A robust process of reporting and monitoring has been developed, and any patient that now develops a grade 2,3 or 4 pressure ulcer must have a root-cause analysis completed. Weekly pressure ulcer prevention sustainability audits take place and areas that don’t achieve the standards set are monitored, with action plans put in place. This successful approach has enabled significant reduction in avoidable pressure ulcers. No grade 4 pressure ulcers have been reported since November 2012, some months no grade 3s have been reported and the numbers of grade 2 ulcers has significantly reduced.

What are your views on ‘no avoidable pressure ulcers’? We should continue to strive for zero pressure ulcers and no harms to our patients. However, we have a robust process of scrutiny and accountability meetings that do demonstrate that 30–50% of pressure ulcers that develop are actually unavoidable for various reasons. Work on this subject has recently been published and is demonstrating similar outcomes to ours. If all care is clearly planned, documented and carried out in an individual, timely manner and is flexible to meet changes in a patient’s condition, then pressure ulcers may be deemed unavoidable.However, we are not complacent and recognise that we still need to look at these areas of concern and challenges to reduce them.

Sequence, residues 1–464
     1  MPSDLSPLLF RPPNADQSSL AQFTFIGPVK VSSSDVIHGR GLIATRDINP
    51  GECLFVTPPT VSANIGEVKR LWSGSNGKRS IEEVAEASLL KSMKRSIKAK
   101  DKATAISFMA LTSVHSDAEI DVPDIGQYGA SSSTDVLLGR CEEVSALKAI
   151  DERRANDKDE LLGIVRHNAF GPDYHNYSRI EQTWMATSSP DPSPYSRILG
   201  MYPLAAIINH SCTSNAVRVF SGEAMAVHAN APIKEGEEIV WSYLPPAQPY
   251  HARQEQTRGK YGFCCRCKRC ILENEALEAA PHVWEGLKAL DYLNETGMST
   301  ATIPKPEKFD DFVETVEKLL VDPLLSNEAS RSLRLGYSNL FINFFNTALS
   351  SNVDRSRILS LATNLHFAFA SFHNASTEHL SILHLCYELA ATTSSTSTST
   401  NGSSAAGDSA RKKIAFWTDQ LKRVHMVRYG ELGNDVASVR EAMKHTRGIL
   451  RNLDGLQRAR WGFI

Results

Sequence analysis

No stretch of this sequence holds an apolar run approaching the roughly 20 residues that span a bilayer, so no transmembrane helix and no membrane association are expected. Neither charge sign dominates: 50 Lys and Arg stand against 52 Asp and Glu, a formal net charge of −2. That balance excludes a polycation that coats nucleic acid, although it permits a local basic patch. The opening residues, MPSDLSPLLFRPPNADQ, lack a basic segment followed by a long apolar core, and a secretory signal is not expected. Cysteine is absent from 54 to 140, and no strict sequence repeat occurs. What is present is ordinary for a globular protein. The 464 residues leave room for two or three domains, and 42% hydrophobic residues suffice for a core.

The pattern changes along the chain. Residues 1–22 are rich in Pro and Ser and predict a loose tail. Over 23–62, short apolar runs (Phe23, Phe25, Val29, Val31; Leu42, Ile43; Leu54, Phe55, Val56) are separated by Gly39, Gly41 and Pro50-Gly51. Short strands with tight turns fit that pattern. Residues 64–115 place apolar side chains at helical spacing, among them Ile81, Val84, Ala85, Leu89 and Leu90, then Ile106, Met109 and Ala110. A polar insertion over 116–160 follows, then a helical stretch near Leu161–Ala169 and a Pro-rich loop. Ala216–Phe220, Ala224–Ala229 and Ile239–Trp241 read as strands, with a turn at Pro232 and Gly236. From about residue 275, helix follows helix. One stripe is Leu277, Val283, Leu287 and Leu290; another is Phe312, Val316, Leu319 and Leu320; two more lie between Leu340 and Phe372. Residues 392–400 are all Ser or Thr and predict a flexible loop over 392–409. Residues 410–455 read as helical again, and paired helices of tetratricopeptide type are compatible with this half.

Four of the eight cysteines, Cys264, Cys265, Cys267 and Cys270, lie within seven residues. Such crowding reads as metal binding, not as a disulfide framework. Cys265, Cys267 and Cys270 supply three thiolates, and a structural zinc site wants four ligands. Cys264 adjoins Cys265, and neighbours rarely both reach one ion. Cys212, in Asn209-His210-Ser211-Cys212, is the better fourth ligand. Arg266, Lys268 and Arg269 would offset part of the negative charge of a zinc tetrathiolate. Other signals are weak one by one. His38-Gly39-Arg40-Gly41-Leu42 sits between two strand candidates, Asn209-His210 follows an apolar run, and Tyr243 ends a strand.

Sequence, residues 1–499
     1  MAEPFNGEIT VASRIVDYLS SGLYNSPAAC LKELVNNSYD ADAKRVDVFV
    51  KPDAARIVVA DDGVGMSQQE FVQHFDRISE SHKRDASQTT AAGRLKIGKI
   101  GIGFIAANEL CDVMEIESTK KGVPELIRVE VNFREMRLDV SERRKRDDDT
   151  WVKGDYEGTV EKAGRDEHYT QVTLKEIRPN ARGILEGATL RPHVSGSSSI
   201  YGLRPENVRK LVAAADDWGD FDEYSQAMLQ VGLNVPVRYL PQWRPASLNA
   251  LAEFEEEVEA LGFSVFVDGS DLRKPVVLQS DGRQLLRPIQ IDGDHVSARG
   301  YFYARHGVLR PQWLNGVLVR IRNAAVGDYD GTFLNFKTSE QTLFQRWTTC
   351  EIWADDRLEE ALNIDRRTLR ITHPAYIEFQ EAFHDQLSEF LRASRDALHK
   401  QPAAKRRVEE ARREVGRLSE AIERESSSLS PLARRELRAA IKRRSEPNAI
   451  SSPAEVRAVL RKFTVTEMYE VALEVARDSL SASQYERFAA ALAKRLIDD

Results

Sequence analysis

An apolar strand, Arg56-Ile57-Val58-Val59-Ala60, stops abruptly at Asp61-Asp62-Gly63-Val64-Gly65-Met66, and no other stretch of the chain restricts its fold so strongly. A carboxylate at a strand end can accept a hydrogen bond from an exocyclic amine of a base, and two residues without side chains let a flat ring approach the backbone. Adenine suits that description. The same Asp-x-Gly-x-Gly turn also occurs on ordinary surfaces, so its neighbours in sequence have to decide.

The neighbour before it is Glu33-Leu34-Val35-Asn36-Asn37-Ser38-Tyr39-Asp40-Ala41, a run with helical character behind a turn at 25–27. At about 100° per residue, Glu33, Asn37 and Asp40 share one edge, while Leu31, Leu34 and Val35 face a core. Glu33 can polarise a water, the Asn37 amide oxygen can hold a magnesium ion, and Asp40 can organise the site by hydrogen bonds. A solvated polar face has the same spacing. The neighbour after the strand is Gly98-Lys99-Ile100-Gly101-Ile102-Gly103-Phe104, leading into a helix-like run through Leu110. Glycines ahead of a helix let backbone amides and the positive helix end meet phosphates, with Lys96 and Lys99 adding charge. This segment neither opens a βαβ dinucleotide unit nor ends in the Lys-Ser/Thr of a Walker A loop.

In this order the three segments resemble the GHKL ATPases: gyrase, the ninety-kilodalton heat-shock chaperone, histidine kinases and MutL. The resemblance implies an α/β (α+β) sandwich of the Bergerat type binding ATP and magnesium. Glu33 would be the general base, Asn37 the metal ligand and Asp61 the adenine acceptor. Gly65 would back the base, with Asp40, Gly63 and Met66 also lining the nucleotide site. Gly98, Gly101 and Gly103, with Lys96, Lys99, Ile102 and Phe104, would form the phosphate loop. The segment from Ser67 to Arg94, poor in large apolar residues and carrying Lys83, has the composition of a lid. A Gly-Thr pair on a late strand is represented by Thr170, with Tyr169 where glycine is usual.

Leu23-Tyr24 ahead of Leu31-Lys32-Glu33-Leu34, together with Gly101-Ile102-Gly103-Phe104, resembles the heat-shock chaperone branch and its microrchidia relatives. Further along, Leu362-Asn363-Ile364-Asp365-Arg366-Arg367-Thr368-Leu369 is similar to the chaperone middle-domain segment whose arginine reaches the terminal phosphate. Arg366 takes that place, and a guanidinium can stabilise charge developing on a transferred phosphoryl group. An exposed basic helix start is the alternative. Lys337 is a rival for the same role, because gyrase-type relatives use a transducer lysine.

What do you enjoy about your role? I have a passion for wound care and pressure ulcer prevention. Supporting and advising patients and staff to help heal a complex wound is extremely satisfying. I am lucky to really enjoy working with the staff in my own team, Trust, surrounding Trusts, peers, colleagues and partnerships with universities and companies.Making a difference to patients and their lives and going the extra mile to help support them is fantastic—facilitating a complex discharge to enable patients to return to their own home environment. Education and training and supporting and developing staff and the team, being involved in new products and developments, and the ability within my organisation to lead systematic improvements in patient care all drive me. Rewarding success and having fun when appropriate is important too!

What advice would you give to budding woud care professionals? Don’t give up! If your passion is tissue viability and wound care, make yourself known to your tissue viability team, write a case study, ask for help, educate, or become the tissue viability link nurse/champion. Be prepared to work hard and face many challenges—but stay strong, clear and focused.

© 2014 MA Healthcare Ltd

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Community Wound Care September 2014 Journal of Community Nursing. Downloaded from by on November 19, 2015. For personal use only. No other uses without permission. . All rights re

An interview with Elaine Bethell.